COVID-19 Impact on Apprenticeships

As lockdown continues and we all push on with our self-imposed isolation, there continues to be more questions than answers. These can be anything from, how catastrophic will the post Covid-19 economic fallout be, through to, when will there be live sport again?

Unfortunately, apprenticeships are currently suffering the same lack of clarity. We have seen many changes in a matter of weeks, and it has been impressive to see the sector has adapted to a whole new way of working. Now the question is, where will apprenticeship be when we get back to a semblance of standard delivery, how will COVID-19 affect apprenticeships in the long run?

Time will tell, but what have we seen so far that could give us a peek into the future of apprenticeship landscape? 

Apprenticeships are innovating 

A big positive that is likely to come from this situation is the increased adoption of technology. We reported in March how Just IT had moved successfully to remote delivery, as apprenticeship providers who have online platforms in place to support learners remotely are finding the transition smoother. 

Like many providers, we have initially seen that we can engage learners and employers far more effectively and efficiently remotely than we originally anticipated. This means, across the sector, we could see apprenticeship providers and employers adopting more online tech and innovations within their processes.

This situation has shone a light on e-learning, and hopefully, more providers will use tech to support their delivery in the future.

Reduced Number of Starts

This was predictable, but still quite shocking for providers to see, during April, a month into the pandemic, providers reported an 80% reduction in apprenticeship starts. The focus of employers is on surviving the lockdown and having the right strategy to rebuild after COVID-19. We are likely to see a decrease in apprenticeship starts across many sectors in the short term. 

This impact, however, is not the full story – many leading companies are committed to apprenticeships as a crucial part of their hiring and development strategy. As there is more clarity on actions for post lockdown, they will start turning their attention to skills development plans to support the future of their business. Although new starts are down, many apprentices and employers are seeing increased learner engagement during the lockdown. Apprentices have embraced taking control of their learning, tracking their progress and receiving support and assignments from their coaches remotely.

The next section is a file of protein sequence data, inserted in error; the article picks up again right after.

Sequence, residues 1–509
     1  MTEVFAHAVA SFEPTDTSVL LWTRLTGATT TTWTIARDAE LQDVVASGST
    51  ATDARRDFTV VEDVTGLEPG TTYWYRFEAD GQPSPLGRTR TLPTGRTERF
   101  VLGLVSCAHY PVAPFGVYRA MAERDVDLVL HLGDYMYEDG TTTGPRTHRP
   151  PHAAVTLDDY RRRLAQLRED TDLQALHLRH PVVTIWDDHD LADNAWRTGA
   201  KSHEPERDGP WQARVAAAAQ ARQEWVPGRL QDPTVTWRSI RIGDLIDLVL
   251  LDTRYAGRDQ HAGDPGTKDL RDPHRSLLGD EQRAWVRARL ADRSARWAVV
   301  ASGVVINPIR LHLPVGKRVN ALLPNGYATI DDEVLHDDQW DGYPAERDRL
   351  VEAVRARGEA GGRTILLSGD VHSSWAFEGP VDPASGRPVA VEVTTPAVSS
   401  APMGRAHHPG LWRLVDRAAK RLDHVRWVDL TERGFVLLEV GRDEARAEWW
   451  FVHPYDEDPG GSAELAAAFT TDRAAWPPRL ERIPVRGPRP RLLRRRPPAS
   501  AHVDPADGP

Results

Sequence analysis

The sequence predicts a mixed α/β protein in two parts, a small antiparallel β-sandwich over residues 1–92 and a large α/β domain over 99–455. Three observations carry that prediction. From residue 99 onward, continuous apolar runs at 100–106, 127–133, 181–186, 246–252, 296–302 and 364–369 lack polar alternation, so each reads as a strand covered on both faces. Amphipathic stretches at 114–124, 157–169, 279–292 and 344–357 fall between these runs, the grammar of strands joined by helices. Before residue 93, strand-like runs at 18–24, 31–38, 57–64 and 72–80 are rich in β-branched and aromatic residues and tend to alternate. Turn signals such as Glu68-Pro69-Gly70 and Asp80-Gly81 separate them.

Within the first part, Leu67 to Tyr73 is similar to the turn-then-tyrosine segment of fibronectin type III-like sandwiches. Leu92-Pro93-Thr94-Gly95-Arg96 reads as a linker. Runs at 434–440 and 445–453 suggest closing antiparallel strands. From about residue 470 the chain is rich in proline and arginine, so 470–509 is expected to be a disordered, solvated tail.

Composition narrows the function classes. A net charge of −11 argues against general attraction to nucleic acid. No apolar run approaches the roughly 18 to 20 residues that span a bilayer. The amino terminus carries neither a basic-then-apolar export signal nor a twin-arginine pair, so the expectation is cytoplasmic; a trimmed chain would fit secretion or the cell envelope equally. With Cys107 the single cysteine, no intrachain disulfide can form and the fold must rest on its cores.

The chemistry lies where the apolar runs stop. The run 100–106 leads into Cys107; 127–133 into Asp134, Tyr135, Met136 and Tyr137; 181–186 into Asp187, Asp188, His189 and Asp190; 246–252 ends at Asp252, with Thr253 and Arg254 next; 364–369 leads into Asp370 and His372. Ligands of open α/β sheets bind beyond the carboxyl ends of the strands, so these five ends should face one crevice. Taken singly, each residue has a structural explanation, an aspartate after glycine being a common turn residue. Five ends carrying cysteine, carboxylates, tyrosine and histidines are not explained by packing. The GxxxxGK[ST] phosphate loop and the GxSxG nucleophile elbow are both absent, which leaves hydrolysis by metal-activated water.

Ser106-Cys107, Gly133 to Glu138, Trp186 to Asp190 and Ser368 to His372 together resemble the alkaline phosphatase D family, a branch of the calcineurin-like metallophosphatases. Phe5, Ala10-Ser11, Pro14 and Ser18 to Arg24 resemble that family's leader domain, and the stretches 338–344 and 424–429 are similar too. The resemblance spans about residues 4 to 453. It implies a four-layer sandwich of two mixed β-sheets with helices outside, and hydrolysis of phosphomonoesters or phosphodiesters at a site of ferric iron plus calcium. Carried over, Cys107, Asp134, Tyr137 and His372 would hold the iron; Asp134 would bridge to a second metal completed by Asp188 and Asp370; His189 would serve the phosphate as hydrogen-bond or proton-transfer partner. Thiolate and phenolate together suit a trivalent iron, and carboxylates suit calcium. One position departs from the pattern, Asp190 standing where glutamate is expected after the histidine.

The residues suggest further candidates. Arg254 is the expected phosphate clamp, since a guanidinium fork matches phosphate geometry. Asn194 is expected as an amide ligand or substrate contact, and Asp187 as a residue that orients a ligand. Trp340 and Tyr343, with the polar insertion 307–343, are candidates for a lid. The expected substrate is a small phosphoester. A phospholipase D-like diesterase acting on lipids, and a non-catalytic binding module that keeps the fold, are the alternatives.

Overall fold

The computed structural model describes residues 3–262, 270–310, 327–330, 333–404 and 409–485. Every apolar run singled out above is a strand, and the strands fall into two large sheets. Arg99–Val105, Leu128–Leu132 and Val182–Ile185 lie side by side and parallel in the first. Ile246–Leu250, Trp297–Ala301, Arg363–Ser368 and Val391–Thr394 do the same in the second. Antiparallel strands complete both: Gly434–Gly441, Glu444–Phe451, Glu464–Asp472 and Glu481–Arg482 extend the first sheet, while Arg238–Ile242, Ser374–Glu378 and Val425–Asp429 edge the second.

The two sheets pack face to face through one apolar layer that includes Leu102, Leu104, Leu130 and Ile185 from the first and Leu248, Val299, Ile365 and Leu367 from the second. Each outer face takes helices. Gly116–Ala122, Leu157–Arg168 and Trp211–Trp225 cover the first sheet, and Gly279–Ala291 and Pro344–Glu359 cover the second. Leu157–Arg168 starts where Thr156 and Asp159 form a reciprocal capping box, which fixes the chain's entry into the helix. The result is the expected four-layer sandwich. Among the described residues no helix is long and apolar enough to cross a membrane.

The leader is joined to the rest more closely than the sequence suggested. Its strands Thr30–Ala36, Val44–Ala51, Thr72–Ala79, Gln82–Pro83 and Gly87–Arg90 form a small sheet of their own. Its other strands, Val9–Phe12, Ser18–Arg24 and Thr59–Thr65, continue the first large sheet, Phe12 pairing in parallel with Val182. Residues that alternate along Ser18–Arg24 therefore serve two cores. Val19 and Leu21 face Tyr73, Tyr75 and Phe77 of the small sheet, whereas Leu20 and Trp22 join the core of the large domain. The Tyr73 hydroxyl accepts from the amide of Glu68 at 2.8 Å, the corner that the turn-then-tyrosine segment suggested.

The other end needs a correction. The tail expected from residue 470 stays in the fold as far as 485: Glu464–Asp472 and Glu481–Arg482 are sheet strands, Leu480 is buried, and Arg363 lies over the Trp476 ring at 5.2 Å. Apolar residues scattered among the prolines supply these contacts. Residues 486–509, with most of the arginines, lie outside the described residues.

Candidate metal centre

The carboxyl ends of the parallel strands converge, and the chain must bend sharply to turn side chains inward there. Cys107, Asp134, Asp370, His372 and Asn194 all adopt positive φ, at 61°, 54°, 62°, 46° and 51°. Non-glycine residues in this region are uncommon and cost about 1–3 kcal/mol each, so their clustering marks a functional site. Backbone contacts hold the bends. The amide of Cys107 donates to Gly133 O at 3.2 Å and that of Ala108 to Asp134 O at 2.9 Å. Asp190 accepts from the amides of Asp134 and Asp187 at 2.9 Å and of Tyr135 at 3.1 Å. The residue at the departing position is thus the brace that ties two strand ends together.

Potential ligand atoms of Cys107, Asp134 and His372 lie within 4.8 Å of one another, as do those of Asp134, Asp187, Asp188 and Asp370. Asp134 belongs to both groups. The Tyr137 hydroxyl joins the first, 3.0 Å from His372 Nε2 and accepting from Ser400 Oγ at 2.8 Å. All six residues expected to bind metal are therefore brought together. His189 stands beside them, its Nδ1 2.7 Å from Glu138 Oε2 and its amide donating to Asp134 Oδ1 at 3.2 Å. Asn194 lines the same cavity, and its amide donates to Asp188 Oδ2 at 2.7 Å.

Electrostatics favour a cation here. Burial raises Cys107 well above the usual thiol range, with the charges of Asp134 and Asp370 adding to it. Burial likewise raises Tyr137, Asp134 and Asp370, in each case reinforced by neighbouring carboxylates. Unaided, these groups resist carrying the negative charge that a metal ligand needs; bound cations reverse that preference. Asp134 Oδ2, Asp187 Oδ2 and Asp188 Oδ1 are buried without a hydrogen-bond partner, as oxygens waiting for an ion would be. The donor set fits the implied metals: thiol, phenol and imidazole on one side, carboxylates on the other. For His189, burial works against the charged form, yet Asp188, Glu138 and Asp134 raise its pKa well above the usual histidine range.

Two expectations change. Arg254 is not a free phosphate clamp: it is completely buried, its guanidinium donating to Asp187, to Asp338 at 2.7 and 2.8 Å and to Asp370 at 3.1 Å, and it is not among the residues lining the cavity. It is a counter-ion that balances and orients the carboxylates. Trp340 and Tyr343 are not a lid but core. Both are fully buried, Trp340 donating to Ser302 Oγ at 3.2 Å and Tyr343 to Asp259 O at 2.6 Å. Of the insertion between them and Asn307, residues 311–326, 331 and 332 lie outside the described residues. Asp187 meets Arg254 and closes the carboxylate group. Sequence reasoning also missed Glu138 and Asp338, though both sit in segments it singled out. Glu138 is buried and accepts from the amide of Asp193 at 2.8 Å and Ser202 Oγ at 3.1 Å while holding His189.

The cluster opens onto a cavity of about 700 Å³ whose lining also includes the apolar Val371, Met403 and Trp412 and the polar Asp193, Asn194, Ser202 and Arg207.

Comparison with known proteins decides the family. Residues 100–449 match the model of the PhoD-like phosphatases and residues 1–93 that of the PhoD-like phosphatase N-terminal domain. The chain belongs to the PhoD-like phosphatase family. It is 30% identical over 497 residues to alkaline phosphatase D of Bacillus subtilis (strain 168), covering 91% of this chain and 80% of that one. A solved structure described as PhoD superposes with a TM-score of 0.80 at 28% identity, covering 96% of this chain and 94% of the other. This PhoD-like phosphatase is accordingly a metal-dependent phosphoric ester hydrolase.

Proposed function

Remote delivery and working from home

This situation has shone a light on e-learning (used above), online communication platforms and the whole suite of tools available to companies to work remotely. We discussed how to get the best out of remote working when the pandemic began, and it seems many employers across the UK are genuinely buying into remote working. 

For apprenticeships, we have seen the majority of employers we work with continue their learners on programme remotely. As many of the programmes we run are IT and digital qualifications, our trainers, coaches and curriculum leads have designed an online approach that has received very strong feedback. Learning has continued in virtual classrooms and progress monitored through bespoke online delivery platforms. 

The result of remote learning successes may mean that in a post-Covid-19 world, we may see a hybrid approach to apprenticeship delivery. This could be especially true in tech and higher-level apprenticeships, where providers and employers would be utilising many of the remote access tools currently being used and blending them with office and face-to-face when it is required. 

Government support through furlough

The government has supported employers through the introduction of the furlough scheme, and it was good to see this extended to apprenticeships too. 

Apprentices who are furloughed will have a pause in their in-work activity but, government guidance to apprentices on furlough, suggests that they can continue to study on their apprenticeship programme. Some will use this opportunity to catch up on learning they may have fallen behind on. Apprentices can find the working and learning balance tricky at times, so some may feel grateful for the time to focus on the learning element of their programme. 

We are also seeing furlough being used by apprentices as an opportunity to complete their EPA (end point assessment). The awarding body organisations have adapted their procedures and can deliver exams and assessment online.  

We are in a once in a generation situation and the future will have challenges. As yet it’s unclear what the long-term impact will be on apprenticeships. Still, there is plenty of optimism that apprentices are a key talent acquisition strategy for companies that are looking for different types of people, diversity, new thinking, and supporting local talent. Providers and employers are increasingly putting in place robust systems that support apprentices and investing for the future.